Post‑radiotherapy hysterectomy does not benefit females with cervical adenocarcinoma

  • Authors:
    • Elen Cristiane Augusto Souza
    • Daniel Zaidan Santos
    • Jose Carlos Campos Torres
    • Diama Bhadra Vale
    • Joana Froes Bragança
    • Julio Cesar Teixeira
  • View Affiliations

  • Published online on: October 26, 2020
  • Article Number: 92
Metrics: Total Views: 0 (Spandidos Publications: | PMC Statistics: )
Total PDF Downloads: 0 (Spandidos Publications: | PMC Statistics: )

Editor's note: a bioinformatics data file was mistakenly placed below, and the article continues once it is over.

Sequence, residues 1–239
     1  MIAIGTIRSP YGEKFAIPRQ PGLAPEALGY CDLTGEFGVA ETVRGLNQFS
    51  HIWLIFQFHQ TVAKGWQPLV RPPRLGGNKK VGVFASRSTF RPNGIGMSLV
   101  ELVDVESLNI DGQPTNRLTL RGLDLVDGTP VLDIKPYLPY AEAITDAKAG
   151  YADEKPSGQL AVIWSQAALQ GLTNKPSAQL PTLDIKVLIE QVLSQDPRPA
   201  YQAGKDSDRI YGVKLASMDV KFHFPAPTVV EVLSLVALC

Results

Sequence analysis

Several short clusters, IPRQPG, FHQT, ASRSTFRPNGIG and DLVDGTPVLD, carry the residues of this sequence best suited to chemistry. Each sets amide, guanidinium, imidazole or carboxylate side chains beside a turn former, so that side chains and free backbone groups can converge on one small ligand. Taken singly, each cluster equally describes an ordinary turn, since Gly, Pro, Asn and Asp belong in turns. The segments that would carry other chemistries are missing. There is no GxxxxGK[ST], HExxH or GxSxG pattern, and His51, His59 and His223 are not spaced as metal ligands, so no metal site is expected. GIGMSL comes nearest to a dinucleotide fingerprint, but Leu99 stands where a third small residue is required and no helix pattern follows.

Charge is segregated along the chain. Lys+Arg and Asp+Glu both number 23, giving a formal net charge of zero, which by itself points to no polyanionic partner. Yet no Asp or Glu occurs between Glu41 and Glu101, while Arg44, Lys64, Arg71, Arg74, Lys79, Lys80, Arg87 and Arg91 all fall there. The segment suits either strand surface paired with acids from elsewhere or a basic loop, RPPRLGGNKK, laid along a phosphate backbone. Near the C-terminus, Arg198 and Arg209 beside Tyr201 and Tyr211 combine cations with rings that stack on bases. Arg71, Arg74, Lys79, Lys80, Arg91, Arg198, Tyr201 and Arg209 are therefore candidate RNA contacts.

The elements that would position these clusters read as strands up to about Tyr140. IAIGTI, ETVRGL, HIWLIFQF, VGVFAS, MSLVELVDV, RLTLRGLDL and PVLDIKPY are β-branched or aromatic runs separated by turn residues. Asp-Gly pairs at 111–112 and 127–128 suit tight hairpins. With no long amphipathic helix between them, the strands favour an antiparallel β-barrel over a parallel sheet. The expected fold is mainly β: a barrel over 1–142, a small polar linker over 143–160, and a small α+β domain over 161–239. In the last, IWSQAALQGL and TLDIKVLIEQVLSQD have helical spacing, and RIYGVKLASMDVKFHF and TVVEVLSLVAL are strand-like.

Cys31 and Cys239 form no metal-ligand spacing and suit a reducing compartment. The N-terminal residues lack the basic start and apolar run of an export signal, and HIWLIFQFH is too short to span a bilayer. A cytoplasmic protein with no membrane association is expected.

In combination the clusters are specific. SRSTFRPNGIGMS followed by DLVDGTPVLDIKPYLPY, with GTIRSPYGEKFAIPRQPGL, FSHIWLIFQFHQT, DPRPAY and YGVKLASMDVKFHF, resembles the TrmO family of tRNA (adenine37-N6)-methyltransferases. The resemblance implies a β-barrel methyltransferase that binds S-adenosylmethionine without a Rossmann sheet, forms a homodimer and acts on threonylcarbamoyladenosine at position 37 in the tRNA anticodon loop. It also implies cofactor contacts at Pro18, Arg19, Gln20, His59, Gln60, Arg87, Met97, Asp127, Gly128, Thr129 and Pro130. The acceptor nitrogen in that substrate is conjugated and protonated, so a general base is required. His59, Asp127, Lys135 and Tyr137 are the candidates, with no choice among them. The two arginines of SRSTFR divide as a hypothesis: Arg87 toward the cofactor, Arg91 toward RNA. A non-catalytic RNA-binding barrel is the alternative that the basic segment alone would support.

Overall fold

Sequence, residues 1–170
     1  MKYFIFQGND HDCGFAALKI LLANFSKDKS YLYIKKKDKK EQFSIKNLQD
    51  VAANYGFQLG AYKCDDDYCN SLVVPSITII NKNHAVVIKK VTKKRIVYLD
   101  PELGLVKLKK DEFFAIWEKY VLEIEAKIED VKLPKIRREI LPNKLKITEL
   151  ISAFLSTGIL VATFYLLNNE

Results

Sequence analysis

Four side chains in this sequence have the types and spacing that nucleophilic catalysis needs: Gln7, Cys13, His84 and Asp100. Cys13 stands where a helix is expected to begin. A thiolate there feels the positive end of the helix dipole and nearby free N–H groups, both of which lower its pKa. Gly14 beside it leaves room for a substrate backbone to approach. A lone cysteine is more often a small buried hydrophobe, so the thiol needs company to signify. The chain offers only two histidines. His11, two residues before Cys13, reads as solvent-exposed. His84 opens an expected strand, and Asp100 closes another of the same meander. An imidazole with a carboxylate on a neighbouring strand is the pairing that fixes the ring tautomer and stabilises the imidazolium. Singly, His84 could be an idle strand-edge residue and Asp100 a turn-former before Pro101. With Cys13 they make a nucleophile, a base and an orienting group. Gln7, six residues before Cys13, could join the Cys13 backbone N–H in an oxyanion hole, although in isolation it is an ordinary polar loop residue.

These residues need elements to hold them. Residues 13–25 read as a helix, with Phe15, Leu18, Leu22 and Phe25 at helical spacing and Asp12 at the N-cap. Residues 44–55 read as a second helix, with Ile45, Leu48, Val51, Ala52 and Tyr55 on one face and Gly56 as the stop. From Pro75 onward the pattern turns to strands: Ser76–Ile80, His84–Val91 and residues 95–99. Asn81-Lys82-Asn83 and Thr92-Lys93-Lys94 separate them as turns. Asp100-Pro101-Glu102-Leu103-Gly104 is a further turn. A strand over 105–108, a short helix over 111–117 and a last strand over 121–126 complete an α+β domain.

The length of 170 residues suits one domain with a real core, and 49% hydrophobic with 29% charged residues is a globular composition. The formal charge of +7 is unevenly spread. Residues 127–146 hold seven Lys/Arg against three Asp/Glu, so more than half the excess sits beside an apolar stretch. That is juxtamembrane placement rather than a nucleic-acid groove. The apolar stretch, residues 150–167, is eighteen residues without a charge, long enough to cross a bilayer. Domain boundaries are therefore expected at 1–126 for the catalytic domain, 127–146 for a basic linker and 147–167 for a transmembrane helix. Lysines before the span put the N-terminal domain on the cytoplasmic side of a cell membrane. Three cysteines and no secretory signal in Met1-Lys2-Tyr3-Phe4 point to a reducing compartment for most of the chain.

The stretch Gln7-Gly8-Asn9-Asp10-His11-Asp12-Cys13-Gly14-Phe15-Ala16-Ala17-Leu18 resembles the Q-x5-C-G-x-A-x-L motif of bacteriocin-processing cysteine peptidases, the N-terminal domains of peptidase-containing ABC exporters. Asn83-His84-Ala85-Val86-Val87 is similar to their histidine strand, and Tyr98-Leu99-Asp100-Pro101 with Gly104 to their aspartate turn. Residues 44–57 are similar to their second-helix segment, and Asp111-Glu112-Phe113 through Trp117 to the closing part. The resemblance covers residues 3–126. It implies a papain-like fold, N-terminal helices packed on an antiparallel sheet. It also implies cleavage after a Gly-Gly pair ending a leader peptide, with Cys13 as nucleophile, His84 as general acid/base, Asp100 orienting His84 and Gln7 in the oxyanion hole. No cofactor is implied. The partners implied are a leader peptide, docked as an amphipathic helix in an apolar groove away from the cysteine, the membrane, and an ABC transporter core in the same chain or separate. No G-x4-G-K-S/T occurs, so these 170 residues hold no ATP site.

Cervical adenocarcinoma is associated with a poor prognosis, which may be caused by the infiltrative growth pattern and metastasis of tumor cells. There is a lack of consensus on hysterectomy after radiotherapy for the improvement of selected cases. The present study aimed to assess the oncological outcome of post‑radiotherapy hysterectomy in females with cervical adenocarcinoma. A total of 39 females with cervical adenocarcinoma at stages IB1 to IIIB, managed primarily with radiotherapy with complete response, and underwent extrafascial hysterectomy as consolidation therapy between 1988 to 2015 were studied. Surgery complications and residual disease were evaluated. A comparison group was constructed, comprising 41 females with cervical adenocarcinoma managed with exclusive radiotherapy or chemoradiotherapy demonstrating complete response, without surgery. Descriptive and survival analysis was performed. The groups were comparable in terms of age, cancer stage, radiotherapy (dose and duration) and follow‑up, although 67% of hysterectomies were performed prior to 2002 and 46% of the radiotherapy group received chemoradiation. Late complications were similar. There were nine recurrences (23%) in the case series and 10 recurrences (24%) in the radiotherapy group. Residual disease was detected in 56% (22/39) of uterine specimens, of which 12 were up to 10 mm. Residual disease was associated with recurrence (31% vs. 6%, P=0.028). The overall survival rate was 75% for the case series vs. 88% for the radiotherapy group (P=0.579), and the disease‑free survival rate was 79‑80% for both. Removal of residual disease by hysterectomy did not improve the overall survival rate (P=0.283) and disease‑free survival rate (P=0.072). Post‑radiotherapy hysterectomy in cervical adenocarcinoma is a feasible procedure with acceptable complications, however, it did not bring relevant benefits in recurrences, disease‑free survival, and overall survival rates.